] than any other type of modelocked laser oscillator. The output power can be scaled up by increasing the pump power and mode areas on both the gain medium and the SESAM by the same factor. Successful power scaling recently resulted in 141 W average output power [5

5. C. R. E. Baer, C. Kränkel, C. J. Saraceno, O. H. Heckl, M. Golling, R. Peters, K. Petermann, T. Südmeyer, G. Huber, and U. Keller, “Femtosecond thin-disk laser with 141 W of average power,” Opt. Lett. 35(13), 2302–2304 (2010). [CrossRef] [PubMed]

] directly from a femtosecond SESAM modelocked thin disk laser oscillator.

The shortest pulses in the thin disk laser setup have been obtained with Yb:LuScO3. The large gain bandwidth of this material supported pulse durations as short as 227 fs at 7.2 W average power. The output power was in this case limited by the crystal quality of the first manufactured disks [8

8. C. R. E. Baer, C. Kränkel, O. H. Heckl, M. Golling, T. Südmeyer, R. Peters, K. Petermann, G. Huber, and U. Keller, “227-fs pulses from a mode-locked Yb:LuScO3 thin disk laser,” Opt. Express 17(13), 10725–10730 (2009). [CrossRef] [PubMed]

]. For many application areas such as high harmonic generations at MHz repetition rates with pulse energies in the microjoule range [9

9. O. H. Heckl, C. R. E. Baer, C. Kränkel, S. V. Marchese, F. Schapper, M. Holler, T. Südmeyer, J. S. Robinson, J. W. G. Tisch, F. Couny, P. Light, F. Benabid, and U. Keller, “High harmonic generation in a gas-filled hollow-core photonic crystal fiber,” Appl. Phys. B 97(2), 369–373 (2009). [CrossRef]

,10

10. S. Kim, J. H. Jin, Y. J. Kim, I. Y. Park, Y. Kim, and S. W. Kim, “High-harmonic generation by resonant plasmon field enhancement,” Nature 453(7196), 757–760 (2008). [CrossRef] [PubMed]

] even shorter pulse durations are crucial. There are several other Yb-doped gain materials with larger bandwidths, which appear attractive for the thin disk configuration [11

11. T. Südmeyer, C. Kränkel, C. R. E. Baer, O. H. Heckl, C. J. Saraceno, M. Golling, R. Peters, K. Petermann, G. Huber, and U. Keller, “High-power ultrafast thin disk laser oscillators and their potential for sub-100-femtosecond pulse generation,” Appl. Phys. B 97(2), 281–295 (2009). [CrossRef]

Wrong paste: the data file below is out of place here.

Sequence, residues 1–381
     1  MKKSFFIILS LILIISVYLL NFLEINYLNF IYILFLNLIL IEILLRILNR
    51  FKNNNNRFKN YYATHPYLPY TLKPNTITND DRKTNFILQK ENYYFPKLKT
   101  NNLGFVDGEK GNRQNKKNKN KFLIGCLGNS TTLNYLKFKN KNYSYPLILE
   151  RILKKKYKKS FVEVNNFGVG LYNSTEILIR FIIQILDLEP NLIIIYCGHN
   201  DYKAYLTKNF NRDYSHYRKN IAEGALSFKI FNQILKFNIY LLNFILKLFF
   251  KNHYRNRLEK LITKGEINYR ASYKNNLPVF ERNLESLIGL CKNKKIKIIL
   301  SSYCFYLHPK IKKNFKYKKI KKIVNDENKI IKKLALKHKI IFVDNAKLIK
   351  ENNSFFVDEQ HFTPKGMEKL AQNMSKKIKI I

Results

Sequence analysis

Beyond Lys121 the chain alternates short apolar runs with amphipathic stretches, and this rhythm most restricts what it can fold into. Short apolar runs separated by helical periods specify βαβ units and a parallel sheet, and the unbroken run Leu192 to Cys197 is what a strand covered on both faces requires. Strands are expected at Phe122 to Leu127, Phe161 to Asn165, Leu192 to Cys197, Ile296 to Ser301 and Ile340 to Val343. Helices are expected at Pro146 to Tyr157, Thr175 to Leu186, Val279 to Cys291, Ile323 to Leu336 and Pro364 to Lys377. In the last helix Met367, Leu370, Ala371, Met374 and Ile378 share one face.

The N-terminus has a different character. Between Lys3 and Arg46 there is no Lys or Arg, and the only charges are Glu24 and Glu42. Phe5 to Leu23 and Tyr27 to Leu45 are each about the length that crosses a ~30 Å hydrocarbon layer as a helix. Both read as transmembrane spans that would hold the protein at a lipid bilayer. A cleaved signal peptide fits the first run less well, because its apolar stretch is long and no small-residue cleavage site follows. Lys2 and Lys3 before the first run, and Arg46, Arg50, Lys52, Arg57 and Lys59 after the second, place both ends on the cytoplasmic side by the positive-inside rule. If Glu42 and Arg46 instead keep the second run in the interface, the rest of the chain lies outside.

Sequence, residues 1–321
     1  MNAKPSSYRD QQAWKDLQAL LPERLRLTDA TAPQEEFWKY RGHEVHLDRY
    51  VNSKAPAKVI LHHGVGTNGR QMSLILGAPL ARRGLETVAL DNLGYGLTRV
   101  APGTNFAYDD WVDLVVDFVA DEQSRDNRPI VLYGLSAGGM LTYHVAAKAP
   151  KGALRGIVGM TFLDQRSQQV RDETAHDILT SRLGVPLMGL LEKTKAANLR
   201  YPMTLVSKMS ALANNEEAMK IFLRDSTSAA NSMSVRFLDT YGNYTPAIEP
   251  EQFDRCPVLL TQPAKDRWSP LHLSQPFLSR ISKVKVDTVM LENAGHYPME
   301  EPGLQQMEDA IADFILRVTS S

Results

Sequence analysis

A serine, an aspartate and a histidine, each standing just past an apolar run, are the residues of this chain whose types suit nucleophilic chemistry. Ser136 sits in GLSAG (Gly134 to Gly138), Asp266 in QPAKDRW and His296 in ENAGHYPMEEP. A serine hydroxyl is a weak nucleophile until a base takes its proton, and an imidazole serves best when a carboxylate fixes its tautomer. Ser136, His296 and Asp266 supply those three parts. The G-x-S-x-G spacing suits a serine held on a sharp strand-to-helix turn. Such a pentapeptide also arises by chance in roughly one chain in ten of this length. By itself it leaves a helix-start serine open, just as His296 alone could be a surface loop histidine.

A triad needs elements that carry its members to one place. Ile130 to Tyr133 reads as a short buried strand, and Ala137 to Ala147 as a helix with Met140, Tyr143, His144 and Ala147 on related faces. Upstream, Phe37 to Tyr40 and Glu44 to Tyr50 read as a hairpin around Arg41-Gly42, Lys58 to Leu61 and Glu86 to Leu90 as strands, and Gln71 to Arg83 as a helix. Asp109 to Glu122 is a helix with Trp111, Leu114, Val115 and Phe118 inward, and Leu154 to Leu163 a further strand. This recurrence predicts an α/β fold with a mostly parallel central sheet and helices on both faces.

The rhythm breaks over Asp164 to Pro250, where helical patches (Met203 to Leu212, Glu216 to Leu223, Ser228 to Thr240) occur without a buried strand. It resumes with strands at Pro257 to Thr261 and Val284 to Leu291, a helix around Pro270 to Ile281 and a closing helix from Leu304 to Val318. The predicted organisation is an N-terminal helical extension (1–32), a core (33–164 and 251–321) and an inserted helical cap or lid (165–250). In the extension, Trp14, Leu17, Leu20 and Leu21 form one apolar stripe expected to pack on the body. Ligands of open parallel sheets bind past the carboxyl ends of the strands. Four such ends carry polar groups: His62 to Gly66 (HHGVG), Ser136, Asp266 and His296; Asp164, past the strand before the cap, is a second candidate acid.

]. One of these materials is the monoclinic material Yb:YCa4O(BO3)3 (Yb:YCOB). It can be grown by the Czochralski method, which simplifies the growth process in comparison to other promising materials like Yb:KYW [12

12. F. Brunner, T. Südmeyer, E. Innerhofer, F. Morier-Genoud, R. Paschotta, V. E. Kisel, V. G. Shcherbitsky, N. V. Kuleshov, J. Gao, K. Contag, A. Giesen, and U. Keller, “240-fs pulses with 22-W average power from a mode-locked thin-disk Yb:KY(WO(4))(2) laser,” Opt. Lett. 27(13), 1162–1164 (2002). [CrossRef]

]. The first modelocked Yb:YCOB laser delivered 210 fs [13

13. G. J. Valentine, A. J. Kemp, D. J. L. Birkin, D. Burns, F. Balembois, P. Georges, H. Bernas, A. Aron, G. Aka, W. Sibbett, A. Brun, M. D. Dawson, and E. Bente, “Femtosecond Yb:YCOB laser pumped by narrow-stripe laser diode and passively modelocked using ion implanted saturable-absorber mirror,” Electron. Lett. 36(19), 1621–1623 (2000). [CrossRef]

] pulses with an average output power of 16 mW. Very recently, SESAM modelocking of this material has supported the shortest pulses from any modelocked Yb-doped oscillator so far: 46 fs at 46 mW of average output power [14

14. A. Yoshida, A. Schmidt, H. Zhang, J. Wang, J. Liu, C. Fiebig, K. Paschke, G. Erbert, V. Petrov, and U. Griebner, “Sub-50 fs Diode-Pumped Yb:YCOB Laser,” OSA / CLEO/QELS (2010).

]. This was further reduced to 42 fs with external compression, demonstrating the extremely broad gain bandwidth of Yb:YCOB. To date, however, the highest average output power in modelocked operation was limited to 275 mW [15